4 Keys to Combating Organizational Change Rumors

4 Keys to Combating Organizational Change Rumors
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One thing we know for sure from change management training and consulting, change is difficult.

Employees tend to hang on to what they know how to do and they resist, often out of fear of failure or incorrect assumptions, adjusting to the new behaviors or circumstances. And what allows these fears to take hold and sabotage any change initiative?

Often it is ugly rumors that are allowed to circulate and reinforce the negative emotions.  We define change rumors as unverified information (not opinions) that are in circulation among your key stakeholders that answer significant questions that people want answered.  Rumors basically fill in the gaps and help people understand an unclear situation.  And when it comes to change rumors, the information is almost always negative.

Just as these kids with tin cans will have to learn to be really clear with their communications if they want to be fully understood, so do business leaders need to learn how to manage communications if they want their change plans to be fully implemented.

Unfortunately when it comes to major organizational change, rumors begin almost immediately after (if not before) the change is announced. From person to person, unverified but compelling statements are passed along. And the untruths build as worker’s fears and insecurities grow. Employees naturally worry about how the change will negatively affect them. Will I lose my job? Is the company going under? Will I be able to switch to a new way of doing things without losing status and pay?

When it comes to effectively managing organizational change, it is critical to stop unsubstantiated rumors in their tracks. Here are four keys to combatting workplace rumors effectively and giving your change program a chance:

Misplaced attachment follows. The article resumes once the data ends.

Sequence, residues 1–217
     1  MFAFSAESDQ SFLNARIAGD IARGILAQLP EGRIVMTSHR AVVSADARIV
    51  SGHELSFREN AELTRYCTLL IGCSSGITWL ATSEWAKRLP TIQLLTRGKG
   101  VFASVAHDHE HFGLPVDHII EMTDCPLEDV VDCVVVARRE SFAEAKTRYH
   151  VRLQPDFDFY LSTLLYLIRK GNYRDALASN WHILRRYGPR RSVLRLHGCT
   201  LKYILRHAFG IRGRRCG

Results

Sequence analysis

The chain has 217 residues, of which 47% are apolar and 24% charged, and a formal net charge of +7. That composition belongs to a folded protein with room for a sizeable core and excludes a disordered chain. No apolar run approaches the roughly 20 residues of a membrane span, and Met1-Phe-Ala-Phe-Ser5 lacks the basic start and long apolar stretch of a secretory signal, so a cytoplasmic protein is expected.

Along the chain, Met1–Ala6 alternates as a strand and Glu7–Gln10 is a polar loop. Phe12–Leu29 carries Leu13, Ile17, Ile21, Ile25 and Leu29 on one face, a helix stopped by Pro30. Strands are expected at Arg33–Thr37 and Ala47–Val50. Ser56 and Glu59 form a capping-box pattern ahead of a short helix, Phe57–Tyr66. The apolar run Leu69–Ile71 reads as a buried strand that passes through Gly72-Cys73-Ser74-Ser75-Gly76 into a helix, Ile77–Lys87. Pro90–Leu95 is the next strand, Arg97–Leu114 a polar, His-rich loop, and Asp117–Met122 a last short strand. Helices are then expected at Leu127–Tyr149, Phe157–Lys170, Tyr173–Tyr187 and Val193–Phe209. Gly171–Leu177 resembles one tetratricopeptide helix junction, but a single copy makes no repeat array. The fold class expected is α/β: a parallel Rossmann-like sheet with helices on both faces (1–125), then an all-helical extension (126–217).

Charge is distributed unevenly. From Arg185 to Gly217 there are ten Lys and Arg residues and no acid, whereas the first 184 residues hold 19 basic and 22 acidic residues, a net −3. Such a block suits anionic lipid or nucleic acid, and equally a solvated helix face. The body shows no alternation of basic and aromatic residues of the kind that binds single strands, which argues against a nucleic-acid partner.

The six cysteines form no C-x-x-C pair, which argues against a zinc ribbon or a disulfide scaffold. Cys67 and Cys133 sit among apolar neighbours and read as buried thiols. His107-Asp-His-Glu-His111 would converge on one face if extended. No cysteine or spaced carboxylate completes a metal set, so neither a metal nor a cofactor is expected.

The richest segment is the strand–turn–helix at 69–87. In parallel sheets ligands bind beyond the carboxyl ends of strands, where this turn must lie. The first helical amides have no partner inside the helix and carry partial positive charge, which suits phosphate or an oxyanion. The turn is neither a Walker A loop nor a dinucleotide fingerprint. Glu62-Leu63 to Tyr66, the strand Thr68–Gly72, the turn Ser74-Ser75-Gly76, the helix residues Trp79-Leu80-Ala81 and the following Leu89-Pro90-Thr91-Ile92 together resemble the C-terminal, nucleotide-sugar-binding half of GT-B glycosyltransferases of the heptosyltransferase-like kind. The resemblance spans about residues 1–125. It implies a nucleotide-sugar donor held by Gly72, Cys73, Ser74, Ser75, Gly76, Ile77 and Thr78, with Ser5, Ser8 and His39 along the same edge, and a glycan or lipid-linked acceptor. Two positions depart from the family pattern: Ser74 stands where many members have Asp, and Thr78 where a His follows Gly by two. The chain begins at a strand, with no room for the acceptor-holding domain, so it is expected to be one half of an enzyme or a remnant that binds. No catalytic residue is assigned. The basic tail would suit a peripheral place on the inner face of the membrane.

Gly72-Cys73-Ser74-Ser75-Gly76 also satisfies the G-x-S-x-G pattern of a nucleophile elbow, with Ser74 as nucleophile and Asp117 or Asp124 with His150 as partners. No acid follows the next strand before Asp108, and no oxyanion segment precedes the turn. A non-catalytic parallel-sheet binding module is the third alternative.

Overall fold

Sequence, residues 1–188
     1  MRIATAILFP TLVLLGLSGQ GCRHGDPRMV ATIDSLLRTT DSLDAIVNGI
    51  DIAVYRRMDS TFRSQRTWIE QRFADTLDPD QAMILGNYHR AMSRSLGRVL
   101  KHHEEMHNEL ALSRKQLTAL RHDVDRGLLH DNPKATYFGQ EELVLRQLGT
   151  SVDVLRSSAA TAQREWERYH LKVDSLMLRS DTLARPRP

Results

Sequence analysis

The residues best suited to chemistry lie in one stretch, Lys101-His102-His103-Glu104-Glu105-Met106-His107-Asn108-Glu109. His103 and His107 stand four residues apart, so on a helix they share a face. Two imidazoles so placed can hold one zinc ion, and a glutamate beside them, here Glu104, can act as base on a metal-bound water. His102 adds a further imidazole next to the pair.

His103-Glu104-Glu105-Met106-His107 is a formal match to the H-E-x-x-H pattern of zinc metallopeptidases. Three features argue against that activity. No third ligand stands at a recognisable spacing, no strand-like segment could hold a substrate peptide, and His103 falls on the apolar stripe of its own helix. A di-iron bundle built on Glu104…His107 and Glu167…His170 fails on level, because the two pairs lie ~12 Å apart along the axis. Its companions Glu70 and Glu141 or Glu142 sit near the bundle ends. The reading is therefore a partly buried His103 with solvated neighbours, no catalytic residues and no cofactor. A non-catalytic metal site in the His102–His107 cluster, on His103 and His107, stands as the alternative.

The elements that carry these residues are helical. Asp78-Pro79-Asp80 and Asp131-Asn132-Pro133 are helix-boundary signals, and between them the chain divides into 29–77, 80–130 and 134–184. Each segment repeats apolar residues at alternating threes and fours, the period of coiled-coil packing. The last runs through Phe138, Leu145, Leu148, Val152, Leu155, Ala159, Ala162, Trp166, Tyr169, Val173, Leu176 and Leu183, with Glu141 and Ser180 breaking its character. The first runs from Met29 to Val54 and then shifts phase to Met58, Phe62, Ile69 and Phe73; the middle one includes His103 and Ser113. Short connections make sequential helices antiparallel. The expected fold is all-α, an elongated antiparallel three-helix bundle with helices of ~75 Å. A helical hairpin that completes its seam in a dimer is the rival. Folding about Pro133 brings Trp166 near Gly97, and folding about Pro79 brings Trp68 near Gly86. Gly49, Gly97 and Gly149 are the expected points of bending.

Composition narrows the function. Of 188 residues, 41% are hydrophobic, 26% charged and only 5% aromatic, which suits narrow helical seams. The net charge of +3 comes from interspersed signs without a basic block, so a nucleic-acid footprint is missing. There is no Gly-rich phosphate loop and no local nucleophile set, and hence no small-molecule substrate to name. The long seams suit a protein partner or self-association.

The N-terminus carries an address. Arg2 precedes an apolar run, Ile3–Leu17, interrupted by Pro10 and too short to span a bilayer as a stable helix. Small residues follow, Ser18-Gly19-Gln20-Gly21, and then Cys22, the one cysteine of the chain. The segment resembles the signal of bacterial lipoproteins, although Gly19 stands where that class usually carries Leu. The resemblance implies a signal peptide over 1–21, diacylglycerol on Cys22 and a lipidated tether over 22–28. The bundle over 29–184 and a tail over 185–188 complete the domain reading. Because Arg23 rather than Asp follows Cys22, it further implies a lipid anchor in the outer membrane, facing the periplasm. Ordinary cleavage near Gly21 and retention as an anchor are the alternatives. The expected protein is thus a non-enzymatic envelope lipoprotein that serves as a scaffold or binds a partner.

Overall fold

1. Say it clearly, consistently, repeatedly and confidently.
    People spread rumors during change when there is uncertainty. Make sure your message about organizational change is understood by all. And make sure they hear it again and again. It will take time for it to sink in and for employees to adjust to the proposed new way. They will want to know the rationale for the change, be persuaded that it is in their best interests and think through just how they are going to fit in.
  2. Never shirk questions.
    People spread rumors during change when they feel anxiety. Oftentimes uncertainty (see #1 above) raises anxiety.  And anxious people tend to create and spread rumors as they try to make sense of the change and what it means to them and their future.  Be sure as business leader that you and your frontline managers are available to answer questions about the organizational change. Be open and honest in your replies. If you don’t know the answer, say so. Tell people what you know, what you do not know and when you will be able to fill in the gaps.As much as you expect the change to be for the better, acknowledge that there is always some uncertainty to the future. If you dodge questions from stakeholders, they will most likely fill in the blanks with unhelpful rumors.
  3. Provide the facts.
    People spread rumors during change when the available information is fuzzy and the potential impact of the change is important. Provide all relevant facts that prove the rumors are untrue. Find out who is spreading the rumors and, if you can, why. We know about fear and anxiety around change being a cause. But people spread rumors for other reasons too—they simply believe the rumor or it helps their self-image or status within the company. When you can share the facts that prove the rumor wrong, you may have found an ally who can influence employees in a more positive direction.
  4. Get ahead of any “false facts.”
    A well-planned change initiative can include a way for affected employees to check the facts right from the start. Rather than let whispers and social media propel false information, use your intranet to be a source of the real facts. Provide a resource for employees to research a rumor before passing it on.

Effective change management training and consulting relies to a great degree upon managing the communication around change. Anticipate rumors and be ready to counter them in a straightforward manner with the facts.

To learn more about organizational change, download The 5 New Lenses of Change Leadership Whitepaper

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